TRAVERSE CITY, Michigan — Deep in the heart of Southeast Africa, bordered by Zambia, Tanzania and Mozambique, lies the country of Malawi. Though not a large country – its total area is smaller than Florida – it is home to over 20 million people. Over 51% of the total population struggles with food insecurity, as reported by the World Bank in 2020, despite having a crop production index of around 133% by 2021. With this issue prevalent across the country, USAID has dedicated itself to battling food insecurity in Malawi and helping the nation improve the lives of its citizens.
A Brief Discussion of Malawi’s Food Insecurity
Malawi has had trouble with food insecurity for decades. The country is highly reliant on rainfed agriculture and is, as a result, heavily vulnerable to climate change and weather disasters. The turn of the millennium brought several droughts to Malawi that severely hindered maize production and contributed to famines across the country. In an interview with The Borgen Project, Carl Wahl, a senior agriculture advisor at USAID’s Bureau of Humanitarian Assistance, discusses ways the organization challenges food insecurity in Malawi. Wahl, who has worked for USAID for more than two years, also gained expertise in this area while living in Malawi and working as an agricultural advisor for another international NGO before coming to USAID.
“What we find with climate change is they get the same amount of rain, but instead of the rain falling in these uniform patterns…it might rain really heavily for a brief period of time, and then there’ll be no rain for like two or three weeks, which isn’t great for agriculture,” Reported Carl Wahl, Senior Agriculture Advisor with USAID’s Bureau of Humanitarian Assistance.
Furthermore, Malawi’s economy is highly reliant on the production and exportation of raw tobacco. Though often touted as a cash crop by officials, the benefit is relatively short-lived. Much of the time that could be spent producing viable food is instead focused on growing tobacco. Even more problematic, tobacco plants contribute to environmental damage and deforestation, reducing the nutritional value of farmland. The result is a lack of proper food production and a struggling economy. Food insecurity in Malawi has become a significant contributor to poverty in the country as a result. Around 70% of the population was living on less than $2.15 a day, according to the World Bank in 2019, and over 17% of the total population suffers from undernourishment. Despite this, some institutions seek to help alleviate this issue.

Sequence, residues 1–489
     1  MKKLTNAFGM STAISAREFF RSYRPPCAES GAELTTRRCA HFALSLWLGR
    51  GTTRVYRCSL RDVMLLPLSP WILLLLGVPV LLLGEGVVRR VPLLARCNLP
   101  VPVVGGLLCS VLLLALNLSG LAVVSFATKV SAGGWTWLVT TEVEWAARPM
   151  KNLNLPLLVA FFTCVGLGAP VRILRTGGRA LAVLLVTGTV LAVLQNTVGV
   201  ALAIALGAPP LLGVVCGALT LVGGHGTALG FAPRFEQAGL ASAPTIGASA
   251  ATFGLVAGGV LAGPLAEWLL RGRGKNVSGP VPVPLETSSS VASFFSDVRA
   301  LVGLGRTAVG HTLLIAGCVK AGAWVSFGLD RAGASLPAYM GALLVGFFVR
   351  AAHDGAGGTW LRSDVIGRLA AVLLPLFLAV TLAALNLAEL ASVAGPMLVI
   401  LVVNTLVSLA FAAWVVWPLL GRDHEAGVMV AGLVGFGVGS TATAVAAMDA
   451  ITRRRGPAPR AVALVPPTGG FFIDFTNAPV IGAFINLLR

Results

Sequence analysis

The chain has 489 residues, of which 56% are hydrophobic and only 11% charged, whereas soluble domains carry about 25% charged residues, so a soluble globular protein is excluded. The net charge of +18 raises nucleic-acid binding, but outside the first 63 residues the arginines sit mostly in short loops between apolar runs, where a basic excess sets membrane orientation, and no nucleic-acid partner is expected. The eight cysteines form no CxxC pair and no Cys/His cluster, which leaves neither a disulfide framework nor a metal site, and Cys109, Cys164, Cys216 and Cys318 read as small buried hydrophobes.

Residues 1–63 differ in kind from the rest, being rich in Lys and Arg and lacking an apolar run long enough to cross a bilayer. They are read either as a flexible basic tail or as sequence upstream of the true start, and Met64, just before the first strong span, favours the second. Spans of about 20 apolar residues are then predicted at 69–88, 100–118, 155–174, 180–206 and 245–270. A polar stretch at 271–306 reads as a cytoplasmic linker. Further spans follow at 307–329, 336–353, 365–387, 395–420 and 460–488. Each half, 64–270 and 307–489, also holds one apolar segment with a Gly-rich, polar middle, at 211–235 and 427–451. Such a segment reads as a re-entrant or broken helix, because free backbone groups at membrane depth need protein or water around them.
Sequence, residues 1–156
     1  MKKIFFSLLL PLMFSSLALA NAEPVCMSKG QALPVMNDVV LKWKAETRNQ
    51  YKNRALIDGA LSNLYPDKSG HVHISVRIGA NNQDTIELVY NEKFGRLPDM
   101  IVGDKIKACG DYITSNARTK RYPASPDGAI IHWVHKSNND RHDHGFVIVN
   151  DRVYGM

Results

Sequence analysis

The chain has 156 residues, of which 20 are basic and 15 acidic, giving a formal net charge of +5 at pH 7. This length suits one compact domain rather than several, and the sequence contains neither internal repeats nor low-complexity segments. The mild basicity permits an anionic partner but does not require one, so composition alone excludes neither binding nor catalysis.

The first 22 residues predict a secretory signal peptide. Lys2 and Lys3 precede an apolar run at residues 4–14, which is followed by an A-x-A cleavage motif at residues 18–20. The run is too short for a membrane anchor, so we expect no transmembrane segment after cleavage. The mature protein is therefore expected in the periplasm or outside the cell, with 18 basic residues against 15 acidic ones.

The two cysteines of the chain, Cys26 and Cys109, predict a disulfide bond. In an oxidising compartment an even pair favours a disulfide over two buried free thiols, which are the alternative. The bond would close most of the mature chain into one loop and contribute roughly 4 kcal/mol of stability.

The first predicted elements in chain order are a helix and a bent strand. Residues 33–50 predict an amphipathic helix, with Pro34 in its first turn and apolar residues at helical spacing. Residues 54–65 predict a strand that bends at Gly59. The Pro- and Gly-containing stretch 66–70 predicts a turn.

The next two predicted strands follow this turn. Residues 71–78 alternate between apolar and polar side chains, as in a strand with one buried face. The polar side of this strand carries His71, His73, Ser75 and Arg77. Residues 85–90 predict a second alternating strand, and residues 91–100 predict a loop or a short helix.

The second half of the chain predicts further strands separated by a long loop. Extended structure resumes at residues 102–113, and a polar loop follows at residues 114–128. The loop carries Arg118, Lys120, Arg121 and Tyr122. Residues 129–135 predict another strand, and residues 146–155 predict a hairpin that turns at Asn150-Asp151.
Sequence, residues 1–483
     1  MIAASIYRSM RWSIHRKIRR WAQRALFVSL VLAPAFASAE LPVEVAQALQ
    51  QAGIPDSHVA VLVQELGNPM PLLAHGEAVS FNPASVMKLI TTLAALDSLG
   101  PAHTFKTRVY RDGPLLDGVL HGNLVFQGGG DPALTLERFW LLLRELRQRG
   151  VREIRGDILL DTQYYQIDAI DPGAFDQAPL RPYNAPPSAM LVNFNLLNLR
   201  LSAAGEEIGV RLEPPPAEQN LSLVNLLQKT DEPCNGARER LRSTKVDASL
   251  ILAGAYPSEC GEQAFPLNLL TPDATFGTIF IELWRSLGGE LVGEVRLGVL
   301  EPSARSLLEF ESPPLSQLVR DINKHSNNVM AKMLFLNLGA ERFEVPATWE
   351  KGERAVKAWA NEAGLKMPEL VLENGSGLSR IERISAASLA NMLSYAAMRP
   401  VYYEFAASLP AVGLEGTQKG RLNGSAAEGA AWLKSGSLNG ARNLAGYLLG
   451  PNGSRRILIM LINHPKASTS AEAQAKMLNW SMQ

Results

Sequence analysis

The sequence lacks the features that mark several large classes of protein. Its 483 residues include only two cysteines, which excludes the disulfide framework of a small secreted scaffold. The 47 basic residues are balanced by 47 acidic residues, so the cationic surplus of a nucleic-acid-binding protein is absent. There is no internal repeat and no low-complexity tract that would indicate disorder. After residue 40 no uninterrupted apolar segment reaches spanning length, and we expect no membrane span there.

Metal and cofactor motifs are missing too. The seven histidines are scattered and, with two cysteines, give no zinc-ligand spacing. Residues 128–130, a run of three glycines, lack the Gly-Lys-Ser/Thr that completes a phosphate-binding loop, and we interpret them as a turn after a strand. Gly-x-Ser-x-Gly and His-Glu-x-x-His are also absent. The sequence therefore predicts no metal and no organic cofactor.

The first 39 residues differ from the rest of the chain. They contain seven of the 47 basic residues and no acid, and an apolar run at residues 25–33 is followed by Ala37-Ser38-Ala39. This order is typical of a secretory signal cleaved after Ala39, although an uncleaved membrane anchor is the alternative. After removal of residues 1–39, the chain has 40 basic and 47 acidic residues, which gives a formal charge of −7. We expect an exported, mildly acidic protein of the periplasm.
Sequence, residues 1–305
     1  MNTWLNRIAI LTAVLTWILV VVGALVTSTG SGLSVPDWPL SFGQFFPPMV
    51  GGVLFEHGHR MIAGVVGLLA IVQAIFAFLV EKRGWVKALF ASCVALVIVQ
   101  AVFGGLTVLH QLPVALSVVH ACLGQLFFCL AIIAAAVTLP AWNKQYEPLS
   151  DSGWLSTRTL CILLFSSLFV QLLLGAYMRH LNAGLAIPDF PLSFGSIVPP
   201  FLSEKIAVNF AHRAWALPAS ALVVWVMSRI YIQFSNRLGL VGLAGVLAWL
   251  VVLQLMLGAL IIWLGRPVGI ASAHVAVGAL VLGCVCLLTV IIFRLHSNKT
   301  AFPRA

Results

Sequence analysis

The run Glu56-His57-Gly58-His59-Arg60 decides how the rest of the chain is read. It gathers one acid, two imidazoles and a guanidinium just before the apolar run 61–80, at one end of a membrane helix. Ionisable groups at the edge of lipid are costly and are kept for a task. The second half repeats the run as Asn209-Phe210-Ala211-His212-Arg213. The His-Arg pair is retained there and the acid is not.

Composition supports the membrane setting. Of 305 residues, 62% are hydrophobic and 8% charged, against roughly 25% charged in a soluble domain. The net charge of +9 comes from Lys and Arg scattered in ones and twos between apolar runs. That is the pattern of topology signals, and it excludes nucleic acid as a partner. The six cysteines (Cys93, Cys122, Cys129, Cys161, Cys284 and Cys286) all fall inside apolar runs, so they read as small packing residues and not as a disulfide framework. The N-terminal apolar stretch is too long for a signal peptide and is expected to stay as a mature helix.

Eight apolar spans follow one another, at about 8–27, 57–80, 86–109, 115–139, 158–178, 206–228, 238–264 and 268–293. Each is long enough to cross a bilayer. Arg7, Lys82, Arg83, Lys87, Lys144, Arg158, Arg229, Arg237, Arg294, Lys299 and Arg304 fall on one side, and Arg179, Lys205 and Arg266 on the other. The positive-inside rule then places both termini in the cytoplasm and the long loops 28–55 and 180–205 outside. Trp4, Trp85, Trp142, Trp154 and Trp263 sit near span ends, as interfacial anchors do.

What Is USAID?
“I work for USAID, which means the United States Agency for International Development. I work in the department called the Bureau for Humanitarian Assistance.” Told Wahl. “So what USAID is, is it’s the US government’s arm for overseas development and humanitarian work… We’re a donor. We allocate funds to partners who may be agencies based in the United States, they might be agencies based in Ireland, England, or they could be agencies based in Malawi, for example.”
USAID was first formed in 1961 by President John F. Kennedy in the wake of the passage of the Foreign Assistance Act. Over time, the goals of USAID grew to support the basic human needs of developing countries, such as health, education and, of course, food and nutrition. USAID works worldwide by allocating funds to viable partners and assisting in making countries more self-reliant. Specific methods have included the Feed the Future Initiative, led by USAID. “Feed the Future is an initiative that work on agriculture value chains,” stated Carl Wahl. “So instead of simply handing out food and…They try to develop the businesses that support agriculture so that farmers can engage with it more as a productive livelihood.”
USAID And Malawi: What’s Being Done
Recent years have brought about several efforts by USAID to fight food insecurity in Malawi. In March 2022, USAID announced $12.8 million in assistance to the country, with $9.7 million being put toward reducing food insecurity. USAID will work to support farmers, distributing cash for food and contributing to supply chains in the country. Through assistance like this, USAID works directly with the Malawian Government to help fund country-led initiatives and give advice for food security. “If there’s something that we really strongly are like, ‘this is something we think is valuable for you guys to be doing.’ We don’t just do it. we work with the government and say, how could we pilot this, maybe a small pilot?” Stated Wahl.
USAID is also working with international partners to expand the impact of its programming in Malawi. Working alongside Irish Aid, for example, it is building sustainable food programs throughout Sub-Saharan Africa. One such beneficiary of this work is Malawi Mangoes Ltd, which receives direct funding from USAID.
“So we fund Malawi Mangoes, and what Malawi Mangoes is trying to do as a business is to be able to purchase support farmers to grow mangoes and grow varieties that might be produced during other times of the year,” reported Wahl, “but also make additional value like maybe drying the fruit, turn it into juice, do other things that would make it more valuable so that they can pay a higher price for the mangoes.”
USAID has also worked with others to reduce food insecurity. As Carl Wahl states, “We’re partnering with Care, Save the Children, a local NGO called Emanuel International and the International Food Policy Research Institute.”
A Brighter Future for Malawi
Food insecurity in Malawi is still a persistent problem. Corrective processes are slow and require support from various resources. However, institutions like USAID are focused on helping Malawi in their times of crisis. Together, people can help USAID in providing Malawi with what it needs to build food security, both through USAID’s work and the work of its partners. All it takes are those willing to make it better.
– Kenneth Berends